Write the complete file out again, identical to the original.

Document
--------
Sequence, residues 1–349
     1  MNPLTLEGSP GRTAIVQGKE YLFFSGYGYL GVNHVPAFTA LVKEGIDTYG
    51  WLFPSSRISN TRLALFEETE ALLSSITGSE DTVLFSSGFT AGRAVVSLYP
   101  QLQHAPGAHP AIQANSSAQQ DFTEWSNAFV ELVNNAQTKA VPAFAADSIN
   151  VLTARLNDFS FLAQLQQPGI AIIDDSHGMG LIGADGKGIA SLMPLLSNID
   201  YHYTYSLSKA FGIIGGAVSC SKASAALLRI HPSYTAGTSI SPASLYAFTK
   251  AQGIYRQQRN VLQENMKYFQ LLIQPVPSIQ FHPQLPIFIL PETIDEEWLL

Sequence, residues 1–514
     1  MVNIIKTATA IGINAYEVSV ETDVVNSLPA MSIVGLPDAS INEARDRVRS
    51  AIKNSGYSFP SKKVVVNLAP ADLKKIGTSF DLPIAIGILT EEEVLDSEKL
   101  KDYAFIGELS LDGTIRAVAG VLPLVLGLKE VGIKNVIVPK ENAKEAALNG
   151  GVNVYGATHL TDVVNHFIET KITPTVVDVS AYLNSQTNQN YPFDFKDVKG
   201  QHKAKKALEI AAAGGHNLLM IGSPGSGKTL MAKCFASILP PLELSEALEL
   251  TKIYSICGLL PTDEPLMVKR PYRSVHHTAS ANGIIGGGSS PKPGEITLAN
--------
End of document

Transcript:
Sequence, residues 1–349
     1  MNPLTLEGSP GRTAIVQGKE YLFFSGYGYL GVNHVPAFTA LVKEGIDTYG
    51  WLFPSSRISN TRLALFEETE ALLSSITGSE DTVLFSSGFT AGRAVVSLYP
   101  QLQHAPGAHP AIQANSSAQQ DFTEWSNAFV ELVNNAQTKA VPAFAADSIN
   151  VLTARLNDFS FLAQLQQPGI AIIDDSHGMG LIGADGKGIA SLMPLLSNID
   201  YHYTYSLSKA FGIIGGAVSC SKASAALLRI HPSYTAGTSI SPASLYAFTK
   251  AQGIYRQQRN VLQENMKYFQ LLIQPVPSIQ FHPQLPIFIL PETIDEEWLL

Sequence, residues 1–514
     1  MVNIIKTATA IGINAYEVSV ETDVVNSLPA MSIVGLPDAS INEARDRVRS
    51  AIKNSGYSFP SKKVVVNLAP ADLKKIGTSF DLPIAIGILT EEEVLDSEKL
   101  KDYAFIGELS LDGTIRAVAG VLPLVLGLKE VGIKNVIVPK ENAKEAALNG
   151  GVNVYGATHL TDVVNHFIET KITPTVVDVS AYLNSQTNQN YPFDFKDVKG
   201  QHKAKKALEI AAAGGHNLLM IGSPGSGKTL MAKCFASILP PLELSEALEL
   251  TKIYSICGLL PTDEPLMVKR PYRSVHHTAS ANGIIGGGSS PKPGEITLAN